"The effects of alcohol on an infant can be as disastrous as that of unborn one. Some of the pronounced ones are brain damage. The infant would have delayed development milestones such as sitting, walking and speech. These children end up with learning disabilities in school."

While understandably there is a justified scorn towards women who drink whilst pregnant, Pastor Isaac Makashinyi of Emmasdale Baptist Church says alcohol has a negative impact on marriages and families.

Pastor Makashinyi says ”alcohol breeds suspicion and tension in the marriage. Husbands of spouses who drink away from home naturally begin to suspect their wives of extramarital affairs with other men. Furthermore, the tension builds up due to the negative feelings that begin to develop toward the alcoholic wife because of the smell of stale alcohol on their breath.”

Such acts open the door for infidelity in the marriage by one spouse or both. The non- alcoholic husband may turn to someone else for comfort, while the alcoholic wife may betray the marriage as a result of a wrong decision made while under the influence of the alcohol.

The hurt felt from this betrayal of trust in a marriage often times causes the end of the marriage. Alcohol causes the drinker to have strange and adulterous thoughts, produces willfulness, and prevents reformation because it makes one unstable.

Dr Mupeta explains that "alcohol increases sexual arousal and desire by psychologically dishibiting them! This makes them (women) more vulnerable to unwanted sexual advances from men. Women who drink were more likely to have unprotected sex and therefore more likely to contract sexually transmitted infections.

On the other hand, alcohol is a suppressant therefore it tends to cause latency in achieving orgasm and less intense orgasmic experiences. Alcohol also affects the ability of an individual to relax, therefore affecting the 'coming' of a woman during intercourse."

Pastor Makashinyi also warned that “in situations where alcohol is present, differences between spouses become more frequent and intense. And because the marital quality is decreased, these differences increase the likelihood of divorce. Drinking has an impact on the amount of time that partners spend together, especially if the alcoholic frequently drinks away from home. The more time spent apart, the less satisfied the nonalcoholic spouse becomes and the greater the potential for divorce, “

He added that alcohol also increases irrational behaviour such as anger and because marital satisfaction is related strongly to a couple's ability to communicate effectively, heavy alcohol use is associated with more negative and hostile communication, more expressions of anger, and less warmth and unity in the relationship.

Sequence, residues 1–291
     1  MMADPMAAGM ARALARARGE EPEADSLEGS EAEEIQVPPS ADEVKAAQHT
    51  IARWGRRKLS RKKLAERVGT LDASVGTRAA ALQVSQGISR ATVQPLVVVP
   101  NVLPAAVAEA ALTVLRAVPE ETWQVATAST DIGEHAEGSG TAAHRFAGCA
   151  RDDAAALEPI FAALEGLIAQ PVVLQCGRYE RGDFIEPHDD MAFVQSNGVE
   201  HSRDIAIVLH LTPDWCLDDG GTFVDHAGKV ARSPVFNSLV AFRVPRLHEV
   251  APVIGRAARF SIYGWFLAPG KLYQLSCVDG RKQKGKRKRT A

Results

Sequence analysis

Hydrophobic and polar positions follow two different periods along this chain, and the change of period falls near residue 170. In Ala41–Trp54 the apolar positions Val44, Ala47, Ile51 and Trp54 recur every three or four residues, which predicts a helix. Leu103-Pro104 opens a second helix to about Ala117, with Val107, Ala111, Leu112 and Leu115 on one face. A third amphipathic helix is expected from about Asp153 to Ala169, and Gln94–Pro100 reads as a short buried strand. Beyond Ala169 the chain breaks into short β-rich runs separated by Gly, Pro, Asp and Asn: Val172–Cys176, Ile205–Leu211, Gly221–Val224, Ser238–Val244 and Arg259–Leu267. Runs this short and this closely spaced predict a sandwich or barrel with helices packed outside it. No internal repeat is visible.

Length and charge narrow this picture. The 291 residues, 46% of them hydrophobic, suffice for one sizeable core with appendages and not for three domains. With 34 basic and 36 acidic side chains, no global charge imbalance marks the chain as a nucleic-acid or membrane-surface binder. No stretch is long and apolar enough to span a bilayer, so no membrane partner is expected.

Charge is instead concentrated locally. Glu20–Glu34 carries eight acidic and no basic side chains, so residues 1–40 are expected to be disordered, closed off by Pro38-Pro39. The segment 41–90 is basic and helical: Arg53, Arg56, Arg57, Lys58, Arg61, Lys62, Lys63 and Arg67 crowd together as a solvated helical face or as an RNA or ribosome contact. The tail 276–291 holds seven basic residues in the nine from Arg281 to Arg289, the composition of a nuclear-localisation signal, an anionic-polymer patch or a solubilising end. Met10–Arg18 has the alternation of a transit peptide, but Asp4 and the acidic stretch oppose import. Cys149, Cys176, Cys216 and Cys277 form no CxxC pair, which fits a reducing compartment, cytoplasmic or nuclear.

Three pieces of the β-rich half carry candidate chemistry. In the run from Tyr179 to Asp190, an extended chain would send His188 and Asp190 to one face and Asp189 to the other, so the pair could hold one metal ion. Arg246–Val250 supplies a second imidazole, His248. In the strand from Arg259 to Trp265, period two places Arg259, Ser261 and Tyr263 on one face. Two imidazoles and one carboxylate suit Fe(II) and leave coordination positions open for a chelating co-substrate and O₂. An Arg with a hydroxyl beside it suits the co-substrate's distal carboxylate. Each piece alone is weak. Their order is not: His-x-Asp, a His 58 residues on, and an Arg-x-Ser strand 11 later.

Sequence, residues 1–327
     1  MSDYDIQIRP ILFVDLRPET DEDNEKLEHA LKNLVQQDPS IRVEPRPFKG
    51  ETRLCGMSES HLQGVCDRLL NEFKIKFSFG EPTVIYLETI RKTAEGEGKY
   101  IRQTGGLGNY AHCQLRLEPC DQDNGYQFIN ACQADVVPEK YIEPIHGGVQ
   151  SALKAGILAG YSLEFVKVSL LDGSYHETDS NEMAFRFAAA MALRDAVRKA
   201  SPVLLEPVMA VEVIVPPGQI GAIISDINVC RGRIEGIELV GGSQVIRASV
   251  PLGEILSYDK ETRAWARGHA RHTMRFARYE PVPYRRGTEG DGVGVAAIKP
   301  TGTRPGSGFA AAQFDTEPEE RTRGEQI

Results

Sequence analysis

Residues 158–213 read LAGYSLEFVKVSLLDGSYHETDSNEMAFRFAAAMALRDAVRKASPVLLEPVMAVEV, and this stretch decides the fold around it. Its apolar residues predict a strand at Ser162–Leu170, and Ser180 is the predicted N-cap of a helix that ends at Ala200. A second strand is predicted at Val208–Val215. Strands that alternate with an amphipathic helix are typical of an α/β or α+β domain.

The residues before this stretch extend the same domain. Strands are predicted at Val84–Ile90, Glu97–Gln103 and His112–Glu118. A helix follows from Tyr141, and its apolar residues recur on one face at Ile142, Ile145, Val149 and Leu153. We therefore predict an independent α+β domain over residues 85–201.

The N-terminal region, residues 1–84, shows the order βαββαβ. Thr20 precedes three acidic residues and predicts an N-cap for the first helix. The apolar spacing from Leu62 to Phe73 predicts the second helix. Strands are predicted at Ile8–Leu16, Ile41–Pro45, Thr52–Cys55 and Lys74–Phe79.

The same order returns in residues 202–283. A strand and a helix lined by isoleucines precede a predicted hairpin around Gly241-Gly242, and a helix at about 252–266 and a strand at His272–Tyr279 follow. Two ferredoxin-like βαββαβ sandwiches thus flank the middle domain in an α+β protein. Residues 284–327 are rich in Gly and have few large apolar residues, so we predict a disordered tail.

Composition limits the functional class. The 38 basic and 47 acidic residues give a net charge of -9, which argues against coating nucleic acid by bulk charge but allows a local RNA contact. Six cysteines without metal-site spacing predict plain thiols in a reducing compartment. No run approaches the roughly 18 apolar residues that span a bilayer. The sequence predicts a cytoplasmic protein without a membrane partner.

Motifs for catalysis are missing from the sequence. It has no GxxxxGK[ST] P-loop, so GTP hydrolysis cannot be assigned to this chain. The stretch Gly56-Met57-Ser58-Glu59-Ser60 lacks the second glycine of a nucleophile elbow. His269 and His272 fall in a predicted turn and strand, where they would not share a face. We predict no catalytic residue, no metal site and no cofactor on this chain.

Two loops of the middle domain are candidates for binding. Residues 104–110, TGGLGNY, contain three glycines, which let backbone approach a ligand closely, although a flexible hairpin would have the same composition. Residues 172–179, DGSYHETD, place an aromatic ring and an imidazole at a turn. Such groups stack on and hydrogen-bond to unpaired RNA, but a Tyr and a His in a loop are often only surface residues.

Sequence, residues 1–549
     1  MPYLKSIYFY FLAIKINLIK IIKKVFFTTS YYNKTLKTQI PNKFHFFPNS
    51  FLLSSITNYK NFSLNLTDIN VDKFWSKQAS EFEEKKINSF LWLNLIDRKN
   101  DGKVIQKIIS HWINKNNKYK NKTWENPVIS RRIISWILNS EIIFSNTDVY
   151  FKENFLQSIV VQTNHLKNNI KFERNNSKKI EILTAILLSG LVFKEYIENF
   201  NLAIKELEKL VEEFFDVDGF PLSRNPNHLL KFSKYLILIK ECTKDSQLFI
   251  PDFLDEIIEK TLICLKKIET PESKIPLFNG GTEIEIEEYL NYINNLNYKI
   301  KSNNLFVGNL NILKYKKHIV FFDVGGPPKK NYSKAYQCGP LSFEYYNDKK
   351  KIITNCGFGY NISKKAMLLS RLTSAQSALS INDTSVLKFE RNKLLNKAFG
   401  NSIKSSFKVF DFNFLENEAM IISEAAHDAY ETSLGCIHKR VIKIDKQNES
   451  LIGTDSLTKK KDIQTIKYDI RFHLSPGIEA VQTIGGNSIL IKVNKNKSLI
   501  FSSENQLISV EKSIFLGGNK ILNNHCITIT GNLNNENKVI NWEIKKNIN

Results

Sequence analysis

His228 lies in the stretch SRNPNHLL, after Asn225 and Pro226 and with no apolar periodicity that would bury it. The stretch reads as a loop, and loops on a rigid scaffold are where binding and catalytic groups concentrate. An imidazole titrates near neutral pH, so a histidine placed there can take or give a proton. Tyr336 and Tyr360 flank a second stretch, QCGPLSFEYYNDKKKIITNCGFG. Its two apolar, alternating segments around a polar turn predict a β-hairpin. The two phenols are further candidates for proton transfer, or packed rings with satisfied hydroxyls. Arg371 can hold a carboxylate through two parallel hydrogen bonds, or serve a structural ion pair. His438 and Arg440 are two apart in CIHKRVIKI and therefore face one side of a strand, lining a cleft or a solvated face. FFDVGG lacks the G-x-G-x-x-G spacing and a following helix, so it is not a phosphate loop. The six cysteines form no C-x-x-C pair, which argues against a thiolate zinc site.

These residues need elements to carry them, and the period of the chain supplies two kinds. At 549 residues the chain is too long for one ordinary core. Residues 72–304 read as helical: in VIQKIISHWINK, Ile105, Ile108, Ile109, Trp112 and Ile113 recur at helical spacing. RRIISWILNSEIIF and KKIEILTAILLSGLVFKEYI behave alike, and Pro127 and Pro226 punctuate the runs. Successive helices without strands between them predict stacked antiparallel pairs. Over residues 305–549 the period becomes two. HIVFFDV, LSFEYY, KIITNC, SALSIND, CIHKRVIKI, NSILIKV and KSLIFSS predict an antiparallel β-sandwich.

These factors, he says decrease a couple’s satisfaction in their marriage and create greater tension and violent behaviour. In Proverbs 4:17, the Bible refers to alcoholic drink as “the wine of violence.”

In the clergy’s view children who grow up in an alcoholic home environment may develop emotional problems, such as anxiety and behavioral outburst. Such children who rarely have quality time with their mother in a sober state begin to feel unloved and lonely and hence develop serious emotional and developmental problems.

According to Pastor Makashinyi, “Drinking mothers simply don't have the time for effective and responsible parenting.”

Besides the many problems already said, alcohol affects medications such as oral contraceptives and makes them less potent. This results in a woman falling pregnant despite being on the pill.

There are some ARV’s which are hepatogenic (capable of affecting the liver). When these are combined with alcohol, they can accelerate liver damage or they may be made less potent by alcohol. PYM.


Nancy Handabile said...

This is an issue that has become fodder for debate, it is true that women drinkers have increased.

It is vital to sensitize pregnant women as the risks posed to unborn children are many.

The trend by pregnant women in Townships of drinking chibuku when pregnant because they believe it makes children light has to be discouraged.

Thanks for sharing Meluse.

Timothy said...

Very inspiring, thought provoking and enlightening article. To lager extent i agree with you coz Medically alcohol is considered a natural immune suppressor and this has a link to most of the health related effects of alcohol. The huge challenge is how do people cope with pressure of work and life as Tsute mentioned in the article. On the other hand i strongly believe there is a level of alcohol intake that is medically and socially safe and health, the trick is to know that level. food for thot. Gud article nway

Meluse Kapatamoyo said...

Nancy, you are so right, i see a lot of pregnant women taking Chibuku too. It is no wonder the country has recorded an increase in mortality rates for children who are under-five. Current stats stand at 138 per 1000 live births.

Thanks for your contribution.

Meluse Kapatamoyo said...

Timothy, my advice is just quit alcohol all together when you are expecting. If there is a slight chance that what i am taking can harm my unborn child, why continue to take it?